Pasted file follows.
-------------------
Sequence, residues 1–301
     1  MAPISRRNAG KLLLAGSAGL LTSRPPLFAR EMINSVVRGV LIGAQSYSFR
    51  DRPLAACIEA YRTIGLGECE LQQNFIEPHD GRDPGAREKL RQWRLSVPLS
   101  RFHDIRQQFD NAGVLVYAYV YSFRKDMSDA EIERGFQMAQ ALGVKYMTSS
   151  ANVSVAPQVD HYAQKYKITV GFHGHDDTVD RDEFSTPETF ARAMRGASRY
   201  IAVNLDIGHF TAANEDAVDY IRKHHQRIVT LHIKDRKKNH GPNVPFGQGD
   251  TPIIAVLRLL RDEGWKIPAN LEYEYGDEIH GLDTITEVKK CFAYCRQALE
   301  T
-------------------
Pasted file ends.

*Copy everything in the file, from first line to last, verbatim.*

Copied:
Sequence, residues 1–301
     1  MAPISRRNAG KLLLAGSAGL LTSRPPLFAR EMINSVVRGV LIGAQSYSFR
    51  DRPLAACIEA YRTIGLGECE LQQNFIEPHD GRDPGAREKL RQWRLSVPLS
   101  RFHDIRQQFD NAGVLVYAYV YSFRKDMSDA EIERGFQMAQ ALGVKYMTSS
   151  ANVSVAPQVD HYAQKYKITV GFHGHDDTVD RDEFSTPETF ARAMRGASRY
   201  IAVNLDIGHF TAANEDAVDY IRKHHQRIVT LHIKDRKKNH GPNVPFGQGD
   251  TPIIAVLRLL RDEGWKIPAN LEYEYGDEIH GLDTITEVKK CFAYCRQALE
   301  T